As students in Victoria and Esquimalt head back to classes this week, they’ll notice one missing key figure: their school liaison officer.
Back in March, Esquimalt council rejected VicPD’s budget increase petition that would allow them to hire six new officers in order to deal with increased strains on the police force.
Since Esquimalt pays for about 15% of policing costs, the council rejected the petition citing concerns that none of the new officers would be assigned to their municipality.
The unintended consequence is that the police department has had to reassign their school liaison officers back to the front lines in order to respond to the increasing number of 911 calls.
VicPD Chief Del Manak speaks out
Victoria Buzz spoke with VicPD Chief Del Manak, who has himself worked as a school liaison officer in the past, and describes it as “one of the highlights of [his] career”.
“As a result of six officers not being approved, we were put in a position where the Victoria Police Department had to reassign liaison officers to front line duty,” says Manak.
He acknowledges that as a result of this change, there is a significant gap in the level of engagement, and communication that the police have with students, staff, and parents in the community.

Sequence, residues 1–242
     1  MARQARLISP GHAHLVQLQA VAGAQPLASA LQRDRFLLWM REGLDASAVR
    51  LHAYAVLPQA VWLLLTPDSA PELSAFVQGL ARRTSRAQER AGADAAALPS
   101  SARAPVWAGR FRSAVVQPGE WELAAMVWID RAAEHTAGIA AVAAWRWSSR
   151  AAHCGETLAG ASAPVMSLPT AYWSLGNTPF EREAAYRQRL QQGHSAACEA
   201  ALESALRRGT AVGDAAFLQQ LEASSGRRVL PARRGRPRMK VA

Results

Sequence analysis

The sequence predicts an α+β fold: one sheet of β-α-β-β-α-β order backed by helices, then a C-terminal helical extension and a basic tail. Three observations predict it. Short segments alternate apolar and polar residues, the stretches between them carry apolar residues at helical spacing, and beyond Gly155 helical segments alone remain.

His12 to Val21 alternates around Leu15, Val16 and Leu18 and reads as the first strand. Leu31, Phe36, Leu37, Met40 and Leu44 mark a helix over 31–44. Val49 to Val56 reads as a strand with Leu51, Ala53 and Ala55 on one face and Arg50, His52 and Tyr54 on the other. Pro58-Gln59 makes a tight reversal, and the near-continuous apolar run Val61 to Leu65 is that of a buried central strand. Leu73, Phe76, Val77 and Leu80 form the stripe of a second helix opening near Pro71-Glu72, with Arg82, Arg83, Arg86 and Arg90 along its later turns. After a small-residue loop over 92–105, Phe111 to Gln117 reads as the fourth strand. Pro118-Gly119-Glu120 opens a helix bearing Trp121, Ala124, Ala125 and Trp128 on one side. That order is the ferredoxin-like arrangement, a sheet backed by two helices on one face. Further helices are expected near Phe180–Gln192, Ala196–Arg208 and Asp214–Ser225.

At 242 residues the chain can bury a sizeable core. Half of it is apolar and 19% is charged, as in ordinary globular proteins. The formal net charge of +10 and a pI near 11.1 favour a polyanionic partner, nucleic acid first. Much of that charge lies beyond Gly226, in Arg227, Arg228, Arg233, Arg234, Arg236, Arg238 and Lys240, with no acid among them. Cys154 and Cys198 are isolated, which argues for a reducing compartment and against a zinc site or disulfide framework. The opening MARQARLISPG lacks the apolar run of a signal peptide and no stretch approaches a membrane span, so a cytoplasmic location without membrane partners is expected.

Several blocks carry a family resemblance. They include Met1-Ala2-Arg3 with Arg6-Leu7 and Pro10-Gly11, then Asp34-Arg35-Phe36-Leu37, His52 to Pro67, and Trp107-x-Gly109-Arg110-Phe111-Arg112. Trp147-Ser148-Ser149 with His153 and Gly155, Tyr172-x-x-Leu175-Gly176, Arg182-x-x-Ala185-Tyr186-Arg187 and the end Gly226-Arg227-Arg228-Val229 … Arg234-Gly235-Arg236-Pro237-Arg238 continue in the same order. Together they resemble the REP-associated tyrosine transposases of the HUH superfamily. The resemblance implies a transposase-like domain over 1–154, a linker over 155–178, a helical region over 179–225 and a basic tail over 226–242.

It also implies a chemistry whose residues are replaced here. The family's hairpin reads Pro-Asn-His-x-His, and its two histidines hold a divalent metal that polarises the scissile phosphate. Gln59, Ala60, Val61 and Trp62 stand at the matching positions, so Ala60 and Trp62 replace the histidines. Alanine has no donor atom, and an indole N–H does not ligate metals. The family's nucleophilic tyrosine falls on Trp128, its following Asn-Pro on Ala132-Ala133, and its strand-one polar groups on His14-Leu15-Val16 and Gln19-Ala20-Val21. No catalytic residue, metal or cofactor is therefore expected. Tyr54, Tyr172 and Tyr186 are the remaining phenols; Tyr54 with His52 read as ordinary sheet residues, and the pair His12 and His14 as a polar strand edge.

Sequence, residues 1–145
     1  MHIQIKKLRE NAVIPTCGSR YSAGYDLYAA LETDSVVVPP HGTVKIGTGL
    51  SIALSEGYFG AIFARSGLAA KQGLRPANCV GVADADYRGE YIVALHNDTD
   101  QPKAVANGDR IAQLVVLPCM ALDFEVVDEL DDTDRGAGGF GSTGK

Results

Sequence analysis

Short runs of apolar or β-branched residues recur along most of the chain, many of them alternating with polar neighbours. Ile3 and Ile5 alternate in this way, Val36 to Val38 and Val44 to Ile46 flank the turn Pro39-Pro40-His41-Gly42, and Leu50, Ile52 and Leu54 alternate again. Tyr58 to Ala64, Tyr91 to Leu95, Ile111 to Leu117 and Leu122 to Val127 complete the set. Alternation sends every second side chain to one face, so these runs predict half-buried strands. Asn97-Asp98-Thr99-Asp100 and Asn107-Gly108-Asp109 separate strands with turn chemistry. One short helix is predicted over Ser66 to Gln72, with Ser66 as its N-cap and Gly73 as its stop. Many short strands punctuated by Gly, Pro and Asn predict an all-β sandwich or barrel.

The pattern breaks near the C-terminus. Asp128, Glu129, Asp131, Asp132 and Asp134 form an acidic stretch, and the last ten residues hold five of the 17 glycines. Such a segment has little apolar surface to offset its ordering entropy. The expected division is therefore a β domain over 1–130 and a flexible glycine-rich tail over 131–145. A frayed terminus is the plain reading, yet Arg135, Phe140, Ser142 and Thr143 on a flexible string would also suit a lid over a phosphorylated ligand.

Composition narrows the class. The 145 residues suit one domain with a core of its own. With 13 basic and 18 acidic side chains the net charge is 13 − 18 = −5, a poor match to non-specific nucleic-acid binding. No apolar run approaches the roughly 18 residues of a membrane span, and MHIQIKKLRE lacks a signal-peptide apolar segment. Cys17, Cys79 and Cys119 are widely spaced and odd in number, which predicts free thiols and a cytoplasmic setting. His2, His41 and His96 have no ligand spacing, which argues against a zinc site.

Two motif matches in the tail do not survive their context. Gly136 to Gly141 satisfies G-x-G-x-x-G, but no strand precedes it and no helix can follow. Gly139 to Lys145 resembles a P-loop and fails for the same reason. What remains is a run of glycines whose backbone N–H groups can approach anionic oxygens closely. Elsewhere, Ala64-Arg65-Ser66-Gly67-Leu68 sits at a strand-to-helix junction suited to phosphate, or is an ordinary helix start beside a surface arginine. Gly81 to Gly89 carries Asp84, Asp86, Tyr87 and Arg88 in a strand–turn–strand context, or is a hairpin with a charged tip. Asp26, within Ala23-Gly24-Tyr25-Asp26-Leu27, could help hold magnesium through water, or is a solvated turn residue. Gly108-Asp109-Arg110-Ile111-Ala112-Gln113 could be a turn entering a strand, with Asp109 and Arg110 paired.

Having dedicated and trained police acting as school resource officers means that the police are able to connect directly with students and provide better awareness and safety tips.
“When they’re struggling with conflict, bullying etc., they’re more likely to approach a liaison officer themselves or on behalf of a friend experiencing trouble in personal or school life,” says Manak.
“We’re able to intervene, resolve incidents and proactively help students as a result of that relationship.”
Taking steps to get school liaison officers back
According to the Chief, all three school liaison officers have received letters, notes, and cards from many students and parents about how much they would be missed, after the announcement was made.
Teachers and Principals also rely heavily on advice from liaison officers when it comes to dealing with difficult situations concerning their students – advice that will be much harder to obtain now that the officers are no longer working with their schools.
This is the reaction that Manak and VicPD expected from the general public, so when Esquimalt announced their rejection of the budget increase, the department immediately asked for the petition to be reviewed by the province’s Police Services Division.
The review team tasked with bringing the request to the government has submitted their review in mid-August. The province is now deliberating. They will now decide whether they need more information, or if they can move ahead with mandating the council to approve the six officers for VicPD.
“I’m optimistic that our request for the six officers will be approved and it’ll be done fairly early into the school year,” Manak told Victoria Buzz.
“Should that be the case, then I would be looking to replace those school officers back to their normal positions right away.”
The Victoria Police department has not had a budget increase since 2010.